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Clark v. Brings

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Brief Fact Summary.

Clark filed suit after being bit by a cat when babysittingBrings’s three children.

Synopsis of Rule of Law.

Owners of cats cannot be held strictly liable for injuries caused to individuals.

Points of Law - Legal Principles in this Case for Law Students.

We would agree that it is the mere dangerousness of an animal's character, and not any intentional malevolence, which must be proved to render its owner liable--that the propensity is vicious if it tends to harm, whether manifested in play or in anger, or in some outbreak of untrained nature which, from want of better understanding, must remain unclassified.

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Facts.

Clark filed suit after being bit by a cat when babysitting for Brings’s three children. Clark appealed after the trial court issued a directed verdict for Brings.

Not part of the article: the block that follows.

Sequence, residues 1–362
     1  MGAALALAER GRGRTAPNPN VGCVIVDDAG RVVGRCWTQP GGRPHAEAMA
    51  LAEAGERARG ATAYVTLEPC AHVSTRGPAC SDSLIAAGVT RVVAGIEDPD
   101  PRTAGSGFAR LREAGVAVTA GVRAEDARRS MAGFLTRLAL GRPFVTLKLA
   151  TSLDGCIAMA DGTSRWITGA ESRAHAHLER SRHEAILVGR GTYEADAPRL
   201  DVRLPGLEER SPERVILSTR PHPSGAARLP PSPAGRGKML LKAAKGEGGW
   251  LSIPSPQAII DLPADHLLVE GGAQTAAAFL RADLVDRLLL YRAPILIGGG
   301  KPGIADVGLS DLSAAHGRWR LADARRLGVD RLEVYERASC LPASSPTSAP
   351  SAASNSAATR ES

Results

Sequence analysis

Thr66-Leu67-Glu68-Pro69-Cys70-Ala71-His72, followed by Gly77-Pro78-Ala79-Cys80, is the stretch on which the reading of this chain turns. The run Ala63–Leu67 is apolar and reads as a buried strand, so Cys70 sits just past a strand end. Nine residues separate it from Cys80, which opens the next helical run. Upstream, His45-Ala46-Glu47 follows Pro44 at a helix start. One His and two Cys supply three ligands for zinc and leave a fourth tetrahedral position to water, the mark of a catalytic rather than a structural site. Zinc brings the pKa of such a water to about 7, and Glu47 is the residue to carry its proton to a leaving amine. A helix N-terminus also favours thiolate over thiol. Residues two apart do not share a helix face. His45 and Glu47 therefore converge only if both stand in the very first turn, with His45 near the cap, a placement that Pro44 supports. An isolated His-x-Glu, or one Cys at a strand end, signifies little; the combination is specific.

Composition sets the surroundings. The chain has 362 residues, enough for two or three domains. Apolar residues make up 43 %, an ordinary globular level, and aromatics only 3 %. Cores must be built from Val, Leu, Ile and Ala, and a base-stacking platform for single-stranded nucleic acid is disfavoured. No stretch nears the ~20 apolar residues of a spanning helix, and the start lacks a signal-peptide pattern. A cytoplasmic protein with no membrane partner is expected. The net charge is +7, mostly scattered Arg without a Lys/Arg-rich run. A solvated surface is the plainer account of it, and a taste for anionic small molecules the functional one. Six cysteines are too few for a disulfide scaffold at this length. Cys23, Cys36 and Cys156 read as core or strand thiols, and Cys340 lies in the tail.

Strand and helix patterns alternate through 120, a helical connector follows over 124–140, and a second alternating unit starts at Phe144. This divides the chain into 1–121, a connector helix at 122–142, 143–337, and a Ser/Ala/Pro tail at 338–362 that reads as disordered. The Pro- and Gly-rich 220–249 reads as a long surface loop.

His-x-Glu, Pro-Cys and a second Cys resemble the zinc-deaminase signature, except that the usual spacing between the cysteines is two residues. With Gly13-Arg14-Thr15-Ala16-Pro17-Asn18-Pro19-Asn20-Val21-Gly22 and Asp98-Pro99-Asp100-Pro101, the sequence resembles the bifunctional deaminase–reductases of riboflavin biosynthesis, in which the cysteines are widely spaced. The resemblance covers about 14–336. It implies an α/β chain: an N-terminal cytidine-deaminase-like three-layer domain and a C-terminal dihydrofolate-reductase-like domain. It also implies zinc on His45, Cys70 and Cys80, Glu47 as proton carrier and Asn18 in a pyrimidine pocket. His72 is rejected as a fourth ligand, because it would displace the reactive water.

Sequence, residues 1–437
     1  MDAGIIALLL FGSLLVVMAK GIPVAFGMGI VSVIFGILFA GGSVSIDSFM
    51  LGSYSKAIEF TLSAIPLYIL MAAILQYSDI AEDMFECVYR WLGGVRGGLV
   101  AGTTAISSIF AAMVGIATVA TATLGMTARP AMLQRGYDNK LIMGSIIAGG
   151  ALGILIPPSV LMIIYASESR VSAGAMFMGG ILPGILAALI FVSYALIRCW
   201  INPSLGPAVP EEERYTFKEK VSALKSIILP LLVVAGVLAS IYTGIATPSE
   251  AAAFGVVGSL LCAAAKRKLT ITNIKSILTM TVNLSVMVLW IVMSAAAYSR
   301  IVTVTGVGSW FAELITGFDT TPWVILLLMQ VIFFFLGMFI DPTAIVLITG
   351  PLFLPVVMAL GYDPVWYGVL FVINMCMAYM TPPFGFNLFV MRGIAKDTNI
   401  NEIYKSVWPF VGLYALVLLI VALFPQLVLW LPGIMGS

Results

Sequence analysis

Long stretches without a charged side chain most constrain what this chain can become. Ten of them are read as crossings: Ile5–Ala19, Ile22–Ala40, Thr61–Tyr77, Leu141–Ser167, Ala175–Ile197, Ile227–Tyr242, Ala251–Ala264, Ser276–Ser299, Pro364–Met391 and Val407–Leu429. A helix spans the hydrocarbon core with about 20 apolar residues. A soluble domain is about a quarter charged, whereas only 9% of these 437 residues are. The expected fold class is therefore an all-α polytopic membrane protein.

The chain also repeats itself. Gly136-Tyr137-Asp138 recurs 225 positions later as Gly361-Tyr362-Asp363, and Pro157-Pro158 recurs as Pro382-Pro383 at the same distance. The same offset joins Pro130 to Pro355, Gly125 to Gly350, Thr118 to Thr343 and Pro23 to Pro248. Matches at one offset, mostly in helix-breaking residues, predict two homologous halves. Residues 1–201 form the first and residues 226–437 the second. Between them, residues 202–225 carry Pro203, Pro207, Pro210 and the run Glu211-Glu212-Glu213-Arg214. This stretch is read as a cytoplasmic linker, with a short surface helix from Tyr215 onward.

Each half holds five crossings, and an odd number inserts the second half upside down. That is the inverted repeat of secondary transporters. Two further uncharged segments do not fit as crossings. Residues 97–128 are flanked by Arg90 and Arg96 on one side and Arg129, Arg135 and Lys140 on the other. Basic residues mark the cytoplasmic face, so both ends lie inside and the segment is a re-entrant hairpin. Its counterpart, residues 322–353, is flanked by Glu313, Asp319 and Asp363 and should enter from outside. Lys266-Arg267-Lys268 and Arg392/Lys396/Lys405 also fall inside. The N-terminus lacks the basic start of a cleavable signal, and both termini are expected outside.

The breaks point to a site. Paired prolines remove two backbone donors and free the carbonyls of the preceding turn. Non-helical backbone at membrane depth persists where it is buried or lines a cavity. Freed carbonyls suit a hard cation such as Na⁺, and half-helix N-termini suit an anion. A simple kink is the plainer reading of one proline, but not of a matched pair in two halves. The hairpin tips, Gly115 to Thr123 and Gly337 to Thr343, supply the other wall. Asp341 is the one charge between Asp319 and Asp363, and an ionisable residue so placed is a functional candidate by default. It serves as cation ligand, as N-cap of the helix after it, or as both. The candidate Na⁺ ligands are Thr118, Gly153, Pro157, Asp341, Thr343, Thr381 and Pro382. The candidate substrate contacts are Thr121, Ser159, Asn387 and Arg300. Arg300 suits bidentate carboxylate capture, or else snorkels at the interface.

Issue.

Whether owners of cats can be held strictly liable for injuries caused to individuals?

Held.

No. The judgment of the trial court is affirmed. Clark provided evidence from a former babysitter that claimed the cat was often confined to the basement and that she was bitten by the cat. However, the former babysitter was bitten after the cat was excited by play, and the Brings’s claimed to only confine the cat to the basement to prevent damage to the furniture. The evidence presented is insufficient to prove that the cat was dangerous.

Discussion.

Owners of cats cannot be held strictly liable for injuries caused to individuals.


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